22. Incidence and Prevalence of the Vegetative and Minimally Conscious States.J. Graham Beaumont & Pamela M. Kenealy - 2005 - Neuropsychological Rehabilitation 15 (3):184-189.
  23. Assessing Level of Consciousness and Cognitive Changes From Vegetative State to Full Recovery.Tristan Bekinschtein, Cecilia Tiberti, Jorge Niklison, Mercedes Tamashiro, Melania Ron, Silvina Carpintiero, Mirta Villarreal, Cecilia Forcato, Ramon Leiguarda & Facundo Manes - 2005 - Neuropsychological Rehabilitation. Vol 15 (3-4):307-322.
  24. Viscoelastic Properties of Bone as a Function of Hydration State Determined by Nanoindentation.A. K. Bembey, M. L. Oyen, A. J. Bushby & A. Boyde - 2006 - Philosophical Magazine 86 (33-35):5691-5703.
  25. Feeding Versus Artificial Nutrition and Hydration: At the Boundaries of Medical Intervention and Social Interaction.Sara M. Bergstresser & Erick Castellanos - 2015 - Ijfab: International Journal of Feminist Approaches to Bioethics 8 (2):204-225.
    In this article, we examine the emergence of a concept of medical feeding that emphasizes artificiality and medical technology. We discuss how this concept has been created in specific contrast to the daily provision of food and water; medical definitions retain clear disjunctures with cultural and religious beliefs surrounding food, gendered aspects of eating and feeding, and the everyday practices of social and family life in the United States. We begin with an examination of the historical processes involved in creating (...)
  26. Medically Assisted Nutrition and Hydration in Medicine and Moral Theology: A Contextualization of its Past and a Direction for its Future.John Berkman - 2004 - The Thomist 68 (1):69-104.
    Despite the expansive literature detailing various arguments for or against the use of MANH in caring for the dying and debilitated, the thesis of this paper is that a large part, if not the main thrust, of the debates over MANH have been inadequate and misguided on a number of different levels. The paper hopes to reorient and redirect the debate by attending to the medical history of MANH (part one) and recent medical developments with regard to MANH (part five), (...)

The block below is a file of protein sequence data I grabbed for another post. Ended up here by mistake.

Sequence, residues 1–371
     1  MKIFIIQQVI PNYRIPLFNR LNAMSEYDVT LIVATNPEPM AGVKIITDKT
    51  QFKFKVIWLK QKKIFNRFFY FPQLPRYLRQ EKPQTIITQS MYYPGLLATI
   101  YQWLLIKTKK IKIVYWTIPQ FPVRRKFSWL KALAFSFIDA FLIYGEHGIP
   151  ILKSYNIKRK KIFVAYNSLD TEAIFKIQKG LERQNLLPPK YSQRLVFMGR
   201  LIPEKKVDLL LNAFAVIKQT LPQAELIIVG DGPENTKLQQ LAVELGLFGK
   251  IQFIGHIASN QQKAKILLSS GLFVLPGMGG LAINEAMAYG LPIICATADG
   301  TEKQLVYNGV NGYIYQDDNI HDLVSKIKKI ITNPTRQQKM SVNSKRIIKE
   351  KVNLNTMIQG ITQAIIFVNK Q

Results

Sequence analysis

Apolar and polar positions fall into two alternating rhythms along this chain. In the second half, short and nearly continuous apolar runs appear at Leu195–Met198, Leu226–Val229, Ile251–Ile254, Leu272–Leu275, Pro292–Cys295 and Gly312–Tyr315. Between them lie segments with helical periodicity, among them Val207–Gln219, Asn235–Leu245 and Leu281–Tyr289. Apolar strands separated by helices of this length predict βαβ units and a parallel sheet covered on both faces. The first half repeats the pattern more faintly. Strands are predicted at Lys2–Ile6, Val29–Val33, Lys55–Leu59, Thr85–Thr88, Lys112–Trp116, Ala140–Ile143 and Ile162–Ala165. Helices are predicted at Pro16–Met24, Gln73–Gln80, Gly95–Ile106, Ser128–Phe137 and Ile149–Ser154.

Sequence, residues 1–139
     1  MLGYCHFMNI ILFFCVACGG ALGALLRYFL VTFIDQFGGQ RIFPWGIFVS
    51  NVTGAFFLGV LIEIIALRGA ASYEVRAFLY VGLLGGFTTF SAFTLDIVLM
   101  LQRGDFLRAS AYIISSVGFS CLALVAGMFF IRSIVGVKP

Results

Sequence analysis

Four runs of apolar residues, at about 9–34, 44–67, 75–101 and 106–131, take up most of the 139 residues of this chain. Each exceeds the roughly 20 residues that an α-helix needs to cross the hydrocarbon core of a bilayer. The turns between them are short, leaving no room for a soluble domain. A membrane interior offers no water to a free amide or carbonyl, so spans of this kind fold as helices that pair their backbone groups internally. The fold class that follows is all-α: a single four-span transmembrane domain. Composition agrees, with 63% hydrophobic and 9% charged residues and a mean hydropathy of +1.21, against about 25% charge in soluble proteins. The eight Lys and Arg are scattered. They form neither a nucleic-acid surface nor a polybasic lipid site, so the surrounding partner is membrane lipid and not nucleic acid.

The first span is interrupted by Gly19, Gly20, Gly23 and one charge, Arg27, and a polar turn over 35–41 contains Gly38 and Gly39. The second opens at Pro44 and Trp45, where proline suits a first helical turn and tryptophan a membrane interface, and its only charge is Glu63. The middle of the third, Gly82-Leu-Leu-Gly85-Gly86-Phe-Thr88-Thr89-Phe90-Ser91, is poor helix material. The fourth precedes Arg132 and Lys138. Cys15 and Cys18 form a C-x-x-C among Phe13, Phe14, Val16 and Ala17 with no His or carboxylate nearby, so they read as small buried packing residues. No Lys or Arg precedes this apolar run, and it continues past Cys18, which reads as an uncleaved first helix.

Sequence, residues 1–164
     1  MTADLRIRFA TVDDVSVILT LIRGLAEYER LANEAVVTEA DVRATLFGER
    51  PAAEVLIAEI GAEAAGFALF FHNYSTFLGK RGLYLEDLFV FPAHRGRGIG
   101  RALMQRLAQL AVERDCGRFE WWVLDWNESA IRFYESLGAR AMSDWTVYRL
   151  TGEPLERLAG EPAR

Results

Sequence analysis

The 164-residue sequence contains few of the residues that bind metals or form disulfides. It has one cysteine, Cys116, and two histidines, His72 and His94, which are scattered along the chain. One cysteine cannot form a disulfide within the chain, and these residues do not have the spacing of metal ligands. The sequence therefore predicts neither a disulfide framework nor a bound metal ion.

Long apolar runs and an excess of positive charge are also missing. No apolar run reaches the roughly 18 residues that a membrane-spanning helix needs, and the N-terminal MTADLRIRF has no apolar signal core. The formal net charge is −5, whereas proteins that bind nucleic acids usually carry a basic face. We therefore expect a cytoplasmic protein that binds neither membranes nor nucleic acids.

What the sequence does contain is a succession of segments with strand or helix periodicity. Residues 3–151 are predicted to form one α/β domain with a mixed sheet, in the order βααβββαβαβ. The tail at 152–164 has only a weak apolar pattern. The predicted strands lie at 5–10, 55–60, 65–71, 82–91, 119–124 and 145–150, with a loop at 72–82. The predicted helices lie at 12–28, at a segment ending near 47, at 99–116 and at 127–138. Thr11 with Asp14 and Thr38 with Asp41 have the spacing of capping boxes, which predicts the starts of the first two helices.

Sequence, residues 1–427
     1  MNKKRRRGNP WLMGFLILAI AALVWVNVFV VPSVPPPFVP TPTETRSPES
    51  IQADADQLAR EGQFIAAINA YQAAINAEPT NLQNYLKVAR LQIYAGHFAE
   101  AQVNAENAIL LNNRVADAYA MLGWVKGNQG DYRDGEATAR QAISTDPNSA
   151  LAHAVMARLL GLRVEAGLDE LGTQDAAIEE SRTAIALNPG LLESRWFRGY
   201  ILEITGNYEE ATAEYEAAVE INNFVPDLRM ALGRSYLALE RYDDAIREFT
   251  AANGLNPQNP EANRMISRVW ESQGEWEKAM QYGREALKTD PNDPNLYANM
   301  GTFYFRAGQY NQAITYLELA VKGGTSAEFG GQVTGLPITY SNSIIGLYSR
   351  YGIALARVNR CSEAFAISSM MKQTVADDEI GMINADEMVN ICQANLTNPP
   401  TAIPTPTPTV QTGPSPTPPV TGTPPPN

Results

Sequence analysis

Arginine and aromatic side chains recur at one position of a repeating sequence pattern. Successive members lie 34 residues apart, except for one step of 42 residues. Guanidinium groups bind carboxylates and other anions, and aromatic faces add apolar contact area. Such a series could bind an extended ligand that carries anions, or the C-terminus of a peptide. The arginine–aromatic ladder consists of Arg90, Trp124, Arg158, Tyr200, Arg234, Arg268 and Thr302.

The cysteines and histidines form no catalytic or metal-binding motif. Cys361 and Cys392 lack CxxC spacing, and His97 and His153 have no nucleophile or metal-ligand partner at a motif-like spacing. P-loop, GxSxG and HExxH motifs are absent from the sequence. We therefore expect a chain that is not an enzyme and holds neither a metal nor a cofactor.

27. Chronic Disorders of Consciousness.James L. Bernat - 2006 - Lancet 367 (9517):1181-1192.
  28. The Concept and Practice of Brain Death.James L. Bernat - 2006 - In Steven Laureys (ed.), Boundaries of Consciousness. Elsevier.
  29. Questions Remaining About the Minimally Conscious State.James L. Bernat - 2002 - Neurology 58 (3):337-338.
  30. The Boundaries of the Persistent Vegetative State.James L. Bernat - 1992 - Journal of Clinical Ethics 3 (3):176.
  31. In Whose Best Interests: Who Knows?Hazel Biggs - 2006 - Clinical Ethics 1 (2):90-93.
    Leslie Burke challenged the GMC guidelines on withholding and withdrawing artificial nutrition and hydration because he wanted to ensure that food and fluids were not withdrawn from him at a time when he might still be cognisant. This article reviews the case and the judgments at first instance and in the Court of Appeal. In the interests of patient autonomy it argues that the patient is best placed to decide what is in her or his best interests and that the (...)
  32. Severe Brain Injury and the Subjective Life.J. Andrew Billings, Larry R. Churchill & Richard Payne - 2010 - Hastings Center Report 40 (3):17-21.